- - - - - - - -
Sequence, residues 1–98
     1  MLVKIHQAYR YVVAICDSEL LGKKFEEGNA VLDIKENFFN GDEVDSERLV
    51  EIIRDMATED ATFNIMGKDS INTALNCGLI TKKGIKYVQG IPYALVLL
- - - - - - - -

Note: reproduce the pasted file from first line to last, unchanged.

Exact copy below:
Sequence, residues 1–98
     1  MLVKIHQAYR YVVAICDSEL LGKKFEEGNA VLDIKENFFN GDEVDSERLV
    51  EIIRDMATED ATFNIMGKDS INTALNCGLI TKKGIKYVQG IPYALVLL